I'm not sure about any of this.

Quite a long fantasy novel and probably written for children. Might have been a new one or an old one.

The kingdom always had a King, a Queen and a Magician - or possibly it wasn't Queen, possibly it was King, Warrior and Magician, or something like that. When the Magician died, or perhaps when he got old, a new Magician would take his place - possibly chosen by non-magical means or possibly chosen magically or even just appearing out of nowhere.

Usually, the Magicians were always mad (I don't remember in what way). But it was suspected that if there was ever a "sane magician", also referred to as a "conscious magician", he'd be very powerful.

It may have been, though this idea only rings a very faint bell, that the Magician only went mad when he became the Magician, and that our hero was only a Magician-in-waiting at this point and had that hanging over him.

Any ideas?

  • Standard questions: when did you read this? Any idea what the cover looked like? Paperback, hardcover, e-book, other?
    – DavidW
    Commented Dec 14, 2021 at 1:20
  • If I knew, I'd have said. I did say I didn't know whether it was a new or old one. Don't think it was an e-book, though I'm not sure.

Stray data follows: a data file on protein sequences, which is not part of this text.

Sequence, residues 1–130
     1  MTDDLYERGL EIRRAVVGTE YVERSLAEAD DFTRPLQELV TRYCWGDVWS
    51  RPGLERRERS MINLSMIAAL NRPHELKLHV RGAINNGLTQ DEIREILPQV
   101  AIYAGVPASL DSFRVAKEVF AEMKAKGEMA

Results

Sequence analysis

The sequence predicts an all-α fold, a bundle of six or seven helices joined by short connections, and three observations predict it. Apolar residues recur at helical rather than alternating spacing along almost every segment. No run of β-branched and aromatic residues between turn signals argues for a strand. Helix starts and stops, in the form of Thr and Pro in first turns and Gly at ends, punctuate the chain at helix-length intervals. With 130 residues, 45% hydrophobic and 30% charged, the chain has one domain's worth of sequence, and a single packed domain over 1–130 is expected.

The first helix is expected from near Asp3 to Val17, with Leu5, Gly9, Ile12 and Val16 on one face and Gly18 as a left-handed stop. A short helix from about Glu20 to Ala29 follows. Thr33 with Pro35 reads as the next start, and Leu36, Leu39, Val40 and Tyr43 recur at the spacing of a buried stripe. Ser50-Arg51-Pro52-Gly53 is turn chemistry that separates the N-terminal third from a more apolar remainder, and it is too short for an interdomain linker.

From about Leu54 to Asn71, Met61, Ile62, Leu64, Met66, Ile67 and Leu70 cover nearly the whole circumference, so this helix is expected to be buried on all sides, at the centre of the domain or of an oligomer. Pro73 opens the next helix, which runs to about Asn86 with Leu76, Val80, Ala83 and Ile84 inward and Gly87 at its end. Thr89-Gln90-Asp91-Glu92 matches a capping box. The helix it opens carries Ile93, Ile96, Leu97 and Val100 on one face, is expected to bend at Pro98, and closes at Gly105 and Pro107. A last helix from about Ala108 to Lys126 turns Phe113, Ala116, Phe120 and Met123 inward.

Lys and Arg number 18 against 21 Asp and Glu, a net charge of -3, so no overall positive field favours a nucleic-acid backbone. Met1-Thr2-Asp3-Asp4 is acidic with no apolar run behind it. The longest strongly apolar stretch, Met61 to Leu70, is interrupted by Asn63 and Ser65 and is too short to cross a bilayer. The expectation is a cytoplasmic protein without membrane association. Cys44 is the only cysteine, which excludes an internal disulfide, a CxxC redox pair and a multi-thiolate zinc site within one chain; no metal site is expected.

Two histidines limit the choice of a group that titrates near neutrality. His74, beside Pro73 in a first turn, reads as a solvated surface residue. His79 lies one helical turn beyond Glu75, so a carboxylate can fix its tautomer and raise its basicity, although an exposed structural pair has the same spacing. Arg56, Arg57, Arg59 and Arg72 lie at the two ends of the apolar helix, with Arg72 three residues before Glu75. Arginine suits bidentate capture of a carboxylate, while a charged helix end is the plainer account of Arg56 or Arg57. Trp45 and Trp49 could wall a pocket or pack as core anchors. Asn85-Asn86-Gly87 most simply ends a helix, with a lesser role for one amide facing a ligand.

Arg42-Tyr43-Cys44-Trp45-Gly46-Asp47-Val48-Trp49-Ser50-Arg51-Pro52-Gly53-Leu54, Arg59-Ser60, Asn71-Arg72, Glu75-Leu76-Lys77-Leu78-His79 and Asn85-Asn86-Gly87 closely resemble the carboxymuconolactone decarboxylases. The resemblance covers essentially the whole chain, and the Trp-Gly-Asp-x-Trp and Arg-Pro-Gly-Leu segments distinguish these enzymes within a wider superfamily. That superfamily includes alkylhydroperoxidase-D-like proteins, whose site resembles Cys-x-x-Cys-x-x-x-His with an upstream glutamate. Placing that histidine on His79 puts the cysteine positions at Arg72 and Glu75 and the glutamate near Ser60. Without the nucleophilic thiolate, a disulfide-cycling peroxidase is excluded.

– A. B.
    Commented Dec 14, 2021 at 1:38

1 Answer 1


Elements of this sound similar to Roger Zelazny's Chronicles of Amber, in particular The Courts of Chaos. If that is the case then the insane Magician would be Dworkin and the hero about to risk the same fate is his son Oberon and/or his warrior grandson Corwin. Dworkin is much more powerful when he regains his sanity and in the earlier books there is continual competition for the vacant throne among Oberon's warrior sons. But the rest of it doesn't seem to fit in particular because the Amberites are effectively immortal so there was no expectation of the Magician going anywhere and someone else inheriting his role. The king going missing was a major issue because he had nine acknowledged sons by four mothers and no designated heir among them when he disappeared.

  • 1
    Nope, doesn't fit. But thanks!
    – A. B.
    Commented Dec 14, 2021 at 6:49
  • @A.B. can you say what doesn't fit? That will help anyone else trying to find the book. Commented Dec 14, 2021 at 9:34
  • 2
    There is also no (single) Queen in the (1st) Amber chronicles. One of the points of strife between Oberon's children was that there were multiple mothers producing them.
    – Lexible
    Commented Dec 14, 2021 at 16:41
  • 2
    This basically doesn't fit at all.
    – Buzz
    Commented Dec 14, 2021 at 21:16

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